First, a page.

Ankerberg: Next, is there any testimony from secular, non-Christian writers indicating they knew Jesus’ disciples believed He had appeared to them? The answer is, “Yes.” Dr. Gary Habermas explains.
Habermas: We’ve got a source like Phlegon that tells us that besides the darkness that surrounded the earth at the cross, he said that Jesus appeared later and He showed the disciples His wounds, His body. And again we’re not told if they touched Him, but He showed Himself to the disciples after His resurrection.
Josephus, in a highly disputed passage, says that Jesus showed Himself after three days. Now what a lot of scholars think about this passage is that the original reading is “the disciples taught that He appeared to them three days later,” which if that’s the reading and that’s what a lot of scholars will admit, it’s exactly the point we’re making right here.
You’ve got some Gnostics sources that admit the resurrection. I’m thinking The Gospel of Truth, one of the earliest ones. You’ve got the Treatise on the Resurrection that does this, and even the Gospel of Thomas, the much debated Gospel of Thomas. Somebody will say, well yeah but there’s no definite resurrection in Thomas. But the opening line in the Gospel of Thomas, the risen one is doing the speaking, the living one is doing the speaking, and so it’s often said that the whole perspective of Thomas is from the resurrected Jesus.
You have two historians Tacitus and Suetonius, both well respected Roman historians who don’t teach the resurrection, but they say, funny thing, after this guy died, this mischievous superstition broke out anew. So you have to say what’s the basis for this mischievous teaching being spread around the Mediterranean?
So you have a couple of hints there from two historians, a couple of direct comments from Phlegon and probably Josephus. You’ve got some Gnostic gospels. That’s a fair amount from outside of the New Testament itself.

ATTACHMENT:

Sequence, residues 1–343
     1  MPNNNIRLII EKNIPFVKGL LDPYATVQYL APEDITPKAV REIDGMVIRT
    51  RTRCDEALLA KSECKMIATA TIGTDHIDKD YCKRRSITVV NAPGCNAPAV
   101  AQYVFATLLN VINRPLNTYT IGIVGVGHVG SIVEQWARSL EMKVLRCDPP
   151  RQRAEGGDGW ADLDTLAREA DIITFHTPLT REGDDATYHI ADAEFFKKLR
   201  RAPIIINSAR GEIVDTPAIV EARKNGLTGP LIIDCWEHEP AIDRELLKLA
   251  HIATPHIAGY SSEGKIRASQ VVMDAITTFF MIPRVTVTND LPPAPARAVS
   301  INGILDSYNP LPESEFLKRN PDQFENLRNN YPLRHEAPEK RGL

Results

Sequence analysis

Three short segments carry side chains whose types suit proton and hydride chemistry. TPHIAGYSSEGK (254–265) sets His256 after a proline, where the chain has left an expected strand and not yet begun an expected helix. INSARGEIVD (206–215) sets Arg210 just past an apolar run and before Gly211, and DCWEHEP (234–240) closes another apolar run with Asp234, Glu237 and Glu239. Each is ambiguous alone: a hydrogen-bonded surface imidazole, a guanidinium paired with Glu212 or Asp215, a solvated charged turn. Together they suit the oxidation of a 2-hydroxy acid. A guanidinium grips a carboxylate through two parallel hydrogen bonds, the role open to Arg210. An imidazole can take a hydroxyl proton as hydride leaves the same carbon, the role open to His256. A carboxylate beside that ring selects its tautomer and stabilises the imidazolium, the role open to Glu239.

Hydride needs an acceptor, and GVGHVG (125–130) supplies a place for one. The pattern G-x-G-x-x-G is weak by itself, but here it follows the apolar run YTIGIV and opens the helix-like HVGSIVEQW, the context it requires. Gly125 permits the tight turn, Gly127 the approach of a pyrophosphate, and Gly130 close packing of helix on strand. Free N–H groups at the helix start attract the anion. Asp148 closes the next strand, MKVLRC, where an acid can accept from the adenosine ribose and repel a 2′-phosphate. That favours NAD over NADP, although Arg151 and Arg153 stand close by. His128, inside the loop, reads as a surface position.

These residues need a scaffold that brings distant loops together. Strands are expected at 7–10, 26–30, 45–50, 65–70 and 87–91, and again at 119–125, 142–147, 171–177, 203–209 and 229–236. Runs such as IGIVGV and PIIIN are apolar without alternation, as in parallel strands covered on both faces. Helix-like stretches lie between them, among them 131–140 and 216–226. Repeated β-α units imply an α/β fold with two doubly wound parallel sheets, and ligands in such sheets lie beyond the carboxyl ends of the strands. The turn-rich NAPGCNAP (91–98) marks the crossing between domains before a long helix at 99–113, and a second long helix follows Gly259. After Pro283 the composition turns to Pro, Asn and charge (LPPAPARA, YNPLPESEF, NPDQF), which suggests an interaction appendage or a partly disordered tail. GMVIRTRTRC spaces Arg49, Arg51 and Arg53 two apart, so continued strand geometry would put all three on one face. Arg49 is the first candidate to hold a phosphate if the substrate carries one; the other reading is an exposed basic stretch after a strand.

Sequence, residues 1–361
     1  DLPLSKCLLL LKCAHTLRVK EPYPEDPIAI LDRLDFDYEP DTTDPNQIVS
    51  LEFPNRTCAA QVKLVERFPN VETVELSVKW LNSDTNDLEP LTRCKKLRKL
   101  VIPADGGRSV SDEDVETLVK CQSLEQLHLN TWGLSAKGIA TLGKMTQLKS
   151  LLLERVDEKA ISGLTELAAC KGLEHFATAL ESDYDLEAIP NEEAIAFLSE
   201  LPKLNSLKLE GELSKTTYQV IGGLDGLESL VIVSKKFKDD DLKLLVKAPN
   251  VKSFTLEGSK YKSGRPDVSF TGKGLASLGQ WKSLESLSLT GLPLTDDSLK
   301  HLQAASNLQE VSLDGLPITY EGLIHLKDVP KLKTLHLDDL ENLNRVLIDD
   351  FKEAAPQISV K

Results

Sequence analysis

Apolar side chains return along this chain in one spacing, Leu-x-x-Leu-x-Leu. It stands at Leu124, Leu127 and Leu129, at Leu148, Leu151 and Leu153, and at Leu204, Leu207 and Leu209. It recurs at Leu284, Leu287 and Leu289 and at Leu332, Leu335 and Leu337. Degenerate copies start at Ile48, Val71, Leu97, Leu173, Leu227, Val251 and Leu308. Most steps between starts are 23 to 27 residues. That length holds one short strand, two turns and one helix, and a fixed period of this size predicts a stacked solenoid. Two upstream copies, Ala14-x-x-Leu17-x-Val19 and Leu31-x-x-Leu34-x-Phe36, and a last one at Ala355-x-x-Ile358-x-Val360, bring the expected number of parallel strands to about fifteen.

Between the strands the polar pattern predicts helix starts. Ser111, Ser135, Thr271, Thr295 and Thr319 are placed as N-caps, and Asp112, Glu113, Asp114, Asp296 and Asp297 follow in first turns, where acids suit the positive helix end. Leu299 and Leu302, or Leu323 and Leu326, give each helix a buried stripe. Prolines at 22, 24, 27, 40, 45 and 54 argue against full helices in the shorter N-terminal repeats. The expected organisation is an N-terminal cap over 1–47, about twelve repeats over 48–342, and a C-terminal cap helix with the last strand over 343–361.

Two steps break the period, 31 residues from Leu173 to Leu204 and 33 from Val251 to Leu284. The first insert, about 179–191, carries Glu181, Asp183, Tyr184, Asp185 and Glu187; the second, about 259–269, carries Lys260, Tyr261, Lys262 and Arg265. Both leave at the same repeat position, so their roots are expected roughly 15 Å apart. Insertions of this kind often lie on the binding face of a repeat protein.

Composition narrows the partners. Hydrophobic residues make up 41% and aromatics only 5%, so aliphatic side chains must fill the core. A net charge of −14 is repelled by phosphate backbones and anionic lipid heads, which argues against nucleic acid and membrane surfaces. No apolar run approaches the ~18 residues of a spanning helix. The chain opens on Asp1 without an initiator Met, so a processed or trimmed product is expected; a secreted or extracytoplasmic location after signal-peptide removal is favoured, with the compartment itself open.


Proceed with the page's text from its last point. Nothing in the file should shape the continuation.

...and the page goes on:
Ankerberg: Now, what evidence from Christian writers indicates that Jesus appeared to different people after His death? Philosopher Dr. William Lane Craig cites the historical information in Paul’s letter to the Church at Corinth as being responsible for persuading the majority of critical scholars today that the early disciples, groups, and individuals did, in fact, experience appearances of the risen Jesus.
Craig: The key factor which has led virtually all New Testament scholars to reassess positively the appearance traditions concerning Jesus after His death was a demonstration by the late German New Testament scholar Joachim Jeremias that in 1 Corinthians 15 Paul is not writing in his own words but he is quoting from an early Christian tradition or saying that he received and in turn passed on to his converts. He uses there the technical rabbinical terminology for the receiving and the transmission of sacred tradition. And Paul says to the Corinthians: “I delivered to you as of first importance what I also received,” and then he quotes this old, pre-Pauline tradition: “that Christ died for our sins, in accordance with the Scriptures; and that he was buried; and that he was raised on the third day, in accordance with the Scriptures; and that he appeared to Cephas, then to the Twelve; then he appeared to more than 500 brethren at one time, most of whom are still alive though some have fallen sleep; then he appeared to James, then to all the apostles; and last of all,” Paul says, “as to one untimely born, he appeared also to me.” [1 Cor. 15:3-8]
This early tradition has been dated to within five years after Jesus’ crucifixion. And thus, you have in the early Christian tradition the naming of specific eyewitnesses and groups of people that were widely known in the early Christian church who at least claimed to have seen Jesus of Nazareth alive after his death. Now, we can write these off as hallucinations if we want to, but we cannot responsibly deny that they occurred. And that’s why, for example, Paula Fredricksen, in the ABC Special, says that “As a historian, I must conclude that these men sincerely believed that they saw something and this something changed their lives.”
So for that reason alone, as I say, it’s virtually unanimous among New Testament scholars that these early disciples, groups, and individuals did in fact experience these postmortem appearances of Jesus alive after his death.
Ankerberg: Now, let me ask you a question: How many people do you think Jesus appeared to after He arose from the dead? Was it to just a few individuals? Was it to just believers? No. Historian Dr. Gary Habermas presents the evidence and it may surprise you.
Habermas: Now, of course, the key list there is in 1 Corinthians 15. In that list you have individuals, leaders of the Church. Paul starts with Peter, ends with himself, in the middle has James, the brother of Jesus. Three key individuals who saw the risen Jesus. But you also have groups and that’s very important to ascertain some evidence for these appearances. You have the Twelve; you have a group he calls “all the apostles”; you have more than 500 brethren, most of whom remain alive.